A fighter taking a long layoff in his prime is a rare sight to see, unless the situation is forced by physical or legal matters. But after a 17-month-long soul-searching recess right during the pinnacle of his career, former WBC interim 140-pound titlist and fan favorite Lucas Matthysse claims that his reasons for staying away from the spotlight for such a long time were purely personal, and that he is ready to make up for his absence in his comeback bout against Emmanuel Taylor (20-4, 14 KO) on the undercard of the Canelo Alvarez-Chavez Jr. mega-bout on May 6th in Las Vegas.
“I just felt like resting a little bit,” said Matthysse (37-4, 34 KO), as he waited to board the plane that would take him to Indio, California, where he is currently putting in the final touches of his training camp under the guidance of Diaz.
“After my last loss I decided to return to Trelew, my hometown. I went back and had a great time for about eight or 10 months. I just enjoyed my family, went fishing, riding horses and motorcycles, and all of those things I hadn’t been able to enjoy before, and just being with my family. Then I resumed training little by little, and here I am, ready to come back”.
For other fighters, spending time with the family usually means staying away from boxing and having normal conversations concerning just about anything else. But that’s certainly not the case with Lucas, whose brother, sister, brother-in-law, father and even his mother were all fighters themselves. Going back to them meant getting fresh advice from the people who shaped his life both inside and out of the ring.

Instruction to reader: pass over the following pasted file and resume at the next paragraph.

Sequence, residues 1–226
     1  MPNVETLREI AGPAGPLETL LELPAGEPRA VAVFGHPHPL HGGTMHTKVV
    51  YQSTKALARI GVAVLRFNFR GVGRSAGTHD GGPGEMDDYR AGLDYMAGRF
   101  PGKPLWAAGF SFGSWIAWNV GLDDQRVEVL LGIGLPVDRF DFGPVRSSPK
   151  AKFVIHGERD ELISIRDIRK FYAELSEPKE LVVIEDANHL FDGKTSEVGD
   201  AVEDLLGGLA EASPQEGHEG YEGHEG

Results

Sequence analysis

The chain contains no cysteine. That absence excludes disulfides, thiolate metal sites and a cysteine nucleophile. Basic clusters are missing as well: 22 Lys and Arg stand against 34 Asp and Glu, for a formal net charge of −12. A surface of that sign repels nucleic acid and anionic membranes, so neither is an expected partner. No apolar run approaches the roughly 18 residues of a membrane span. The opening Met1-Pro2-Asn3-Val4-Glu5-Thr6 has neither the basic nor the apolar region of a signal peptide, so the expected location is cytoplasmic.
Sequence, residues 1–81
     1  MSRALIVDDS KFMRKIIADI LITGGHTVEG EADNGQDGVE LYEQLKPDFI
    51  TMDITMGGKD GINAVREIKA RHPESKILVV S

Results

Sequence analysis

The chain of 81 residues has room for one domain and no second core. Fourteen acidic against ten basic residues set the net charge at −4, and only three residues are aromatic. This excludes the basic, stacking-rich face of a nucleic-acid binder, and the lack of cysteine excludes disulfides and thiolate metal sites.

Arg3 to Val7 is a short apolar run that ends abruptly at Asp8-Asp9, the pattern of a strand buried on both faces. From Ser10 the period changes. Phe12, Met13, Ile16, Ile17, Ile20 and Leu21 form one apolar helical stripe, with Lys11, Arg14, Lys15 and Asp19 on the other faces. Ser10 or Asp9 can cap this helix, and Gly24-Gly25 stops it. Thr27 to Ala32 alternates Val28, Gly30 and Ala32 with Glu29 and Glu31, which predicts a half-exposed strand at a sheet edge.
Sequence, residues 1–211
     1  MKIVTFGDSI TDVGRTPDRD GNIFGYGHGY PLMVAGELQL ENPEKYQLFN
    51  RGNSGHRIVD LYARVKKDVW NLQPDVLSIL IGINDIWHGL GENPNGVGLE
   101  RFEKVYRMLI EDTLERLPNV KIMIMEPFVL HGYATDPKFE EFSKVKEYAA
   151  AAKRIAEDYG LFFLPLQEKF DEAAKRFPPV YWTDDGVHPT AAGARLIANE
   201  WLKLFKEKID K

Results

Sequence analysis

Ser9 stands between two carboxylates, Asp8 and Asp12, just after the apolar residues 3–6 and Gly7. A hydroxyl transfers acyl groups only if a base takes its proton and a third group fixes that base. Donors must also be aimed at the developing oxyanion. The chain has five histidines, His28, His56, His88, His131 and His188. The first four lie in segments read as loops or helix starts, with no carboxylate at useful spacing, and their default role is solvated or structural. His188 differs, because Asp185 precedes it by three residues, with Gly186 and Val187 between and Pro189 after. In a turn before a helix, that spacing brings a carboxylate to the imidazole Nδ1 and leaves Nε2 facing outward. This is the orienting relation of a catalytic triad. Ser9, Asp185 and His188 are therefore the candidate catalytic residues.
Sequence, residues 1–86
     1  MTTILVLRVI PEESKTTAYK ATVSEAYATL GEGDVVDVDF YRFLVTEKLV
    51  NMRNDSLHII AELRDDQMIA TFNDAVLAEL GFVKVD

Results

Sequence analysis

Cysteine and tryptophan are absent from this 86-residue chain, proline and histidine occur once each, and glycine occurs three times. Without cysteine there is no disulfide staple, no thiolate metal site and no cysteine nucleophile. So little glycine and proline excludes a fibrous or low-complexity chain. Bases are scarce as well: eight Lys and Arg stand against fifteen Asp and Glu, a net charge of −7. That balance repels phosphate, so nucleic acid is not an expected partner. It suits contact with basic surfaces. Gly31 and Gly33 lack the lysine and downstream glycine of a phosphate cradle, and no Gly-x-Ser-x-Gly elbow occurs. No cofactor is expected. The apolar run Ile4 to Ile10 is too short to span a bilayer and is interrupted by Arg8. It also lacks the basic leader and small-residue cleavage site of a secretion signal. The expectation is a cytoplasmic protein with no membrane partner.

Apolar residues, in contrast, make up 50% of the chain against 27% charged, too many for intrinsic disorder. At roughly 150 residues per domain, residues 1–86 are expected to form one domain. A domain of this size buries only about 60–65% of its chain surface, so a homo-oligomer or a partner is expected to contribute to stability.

“I left my hometown when I was a kid,” said Matthysse, now 34, who roamed the countryside as a pre-teen alongside other aspiring young fighters including his buddy Marcos Maidana. They picked and sold fruits and vegetables to support themselves as they climbed up the amateur ranks in Argentina.
“Then I lived 10 years away from them in Junin, and this return to my roots was great for me. I needed to rest my head and my body. Those years in Junin were tough because we were alone, me and my wife, with a lot of tough fights and training camps and little rest. I really needed this, to start training when I felt I needed it. Nobody forced me. I did it because I love boxing, and because I am anxious to return.”
Matthysse’s anxiety was surely shared by his promoters, his handlers and especially his fan base in Argentina, who in a rare display of understanding did not turn their backs on him after what they perceived largely as a quit job in his fight against Victor Postol. Argentine sports fans can be quite unforgiving in situations like this one, but they apparently gave Matthysse — who purportedly suffered a fractured orbital bone in his left eye — the benefit of the doubt for his long and meritorious service.
As part of his self-imposed exile, Matthysse tried to remain oblivious to both criticism and praise — and he apparently succeeded.
“Right now I am not using Facebook or any social media platforms, but my sister and my friends tell me about it, and I am aware of the expectations that the fans in the US place on me and in Argentina as well,” said Matthysse, who cut all ties with the outside world as soon as he decided to resume his training, even after being very active on Facebook, where he posted pictures and more than a few misleading random thoughts about his relationship with boxing.
“I am very happy to see that they want me to face the best out there. I am always ready. And now I am back in the game and ready to go all the way.”
During this second part of his career, he is adopting a completely different approach to training and conditioning.
“I started training with my dad Mario, my brother-in-law Mario (Narvaez, brother of multiple champion Omar), with my nephew (Ezequiel) and my sister (Soledad, also a female boxing champion), and my physical trainer Federico. And that will be the idea from now on. We’ll work in Trelew. We have a great gym and a few great fighters. It is difficult sometimes to bring people to help me down there because we are far away, but we’ll make progress little by little and we’ll be fine.”